Issue:  Vol. 48 / No. 3 / 18 January 2018
 

Questioning marriage equality

Out There


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In his cover story in the January issue of Harper's magazine entitled "The Future of Queer – a manifesto," queer essayist/novelist Fenton Johnson argues that legalized gay marriage in the US has damaged our gay culture. It's a somewhat counterintuitive claim, so let's unpack it a bit.

Johnson maintains that extending marital rights to same-sex couples is "a landmark civil rights victory but a subcultural defeat." He sees it as a political setback, since the "backlash from the marriage victory has delayed indefinitely the passage of federal employment and housing protections for LGBT people, protections long supported by a majority of voters." But mostly the essay attempts to defend non-heteronormative queer culture from what Johnson sees as creeping conventionality.

He is leery of "the predominance and glorification of Fortress Marriage as the norm: the married couple whose friends are all couples, who divide the world into inside and outside, who practice an intense, couple-centered version of collective narcissism." This is a bit harsh, but it must be said that before we achieved marriage equality, queer people had to make up our own rules for committed relationships, and they all didn't look like Ozzie & Harriet.

Johnson is not so much anti-marriage as he is trying to make a larger point, which is distilled in the essay's pull-quotes: "What defines queer is not what one does in bed, but one's stance toward the ancien regime, the status quo," and, "The evolution from ACT UP to state-sanctioned marriage is precisely analogous to gentrification." By this he means: "So long as we, the outliers, insisted that we had something to offer, that our world, where we formed enduring relationships outside the tax code and the sanction of church and state, where we created and took care of families of lovers and friends and strangers alike – so long as we insisted that this world was richer, more sustainable, more loving in so many ways than the insular world of Fortress Marriage, we got nowhere. Only when we exchanged our lofty ideals for conventionality was our struggle embraced."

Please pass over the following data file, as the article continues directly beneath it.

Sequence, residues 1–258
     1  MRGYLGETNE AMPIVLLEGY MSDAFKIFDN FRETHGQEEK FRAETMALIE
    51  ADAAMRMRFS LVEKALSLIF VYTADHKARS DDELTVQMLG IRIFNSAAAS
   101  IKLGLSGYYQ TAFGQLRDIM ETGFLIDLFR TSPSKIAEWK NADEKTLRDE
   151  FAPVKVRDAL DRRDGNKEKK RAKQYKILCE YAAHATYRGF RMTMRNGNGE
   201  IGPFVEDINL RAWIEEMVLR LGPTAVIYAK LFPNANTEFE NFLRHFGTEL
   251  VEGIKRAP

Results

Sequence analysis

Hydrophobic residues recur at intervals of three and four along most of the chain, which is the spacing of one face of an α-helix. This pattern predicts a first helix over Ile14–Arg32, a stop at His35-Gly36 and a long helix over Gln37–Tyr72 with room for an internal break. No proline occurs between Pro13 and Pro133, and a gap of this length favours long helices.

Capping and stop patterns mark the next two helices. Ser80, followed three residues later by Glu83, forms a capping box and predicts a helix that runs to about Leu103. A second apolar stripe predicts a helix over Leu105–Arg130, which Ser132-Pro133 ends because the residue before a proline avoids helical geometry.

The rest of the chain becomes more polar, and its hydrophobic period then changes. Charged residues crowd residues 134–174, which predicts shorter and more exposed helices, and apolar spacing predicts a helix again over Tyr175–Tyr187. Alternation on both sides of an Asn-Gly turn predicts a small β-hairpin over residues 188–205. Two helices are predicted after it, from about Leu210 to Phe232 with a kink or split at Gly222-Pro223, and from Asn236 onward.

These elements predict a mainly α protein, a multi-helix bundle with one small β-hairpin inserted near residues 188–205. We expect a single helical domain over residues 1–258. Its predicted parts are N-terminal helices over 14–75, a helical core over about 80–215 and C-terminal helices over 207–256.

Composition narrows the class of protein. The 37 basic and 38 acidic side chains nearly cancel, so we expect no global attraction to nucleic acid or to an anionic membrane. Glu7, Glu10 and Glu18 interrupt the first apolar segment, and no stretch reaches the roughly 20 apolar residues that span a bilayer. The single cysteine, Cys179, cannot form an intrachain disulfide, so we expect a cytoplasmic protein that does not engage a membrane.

These are strong claims, and the essay is worth reading in its entirety. Certainly all queer people deserve and need to have the rights and recognition that marital status bestows upon us. The larger question is, does straight-style matrimony (including expectations of monogamy) fit larger queer culture? To Out There, who has married, divorced, separated, happily single, and polymorphously perverse queer friends, the question is worth considering.

However sensational Johnson's intentionally provocative manifesto is, its first page in Harper's faces a full-page ad that is potentially more button-pushing than the editorial content around it. It's a public-service announcement from PETA, or People for the Ethical Treatment of Animals, and its copy reads: "Homeless Animals on your Mind? Spay or Neuter Today." The poster boy is none other than animal-rights activist/pop star Morrissey, with a tabby cat perched on his big, inflated head. Now that's courting controversy!






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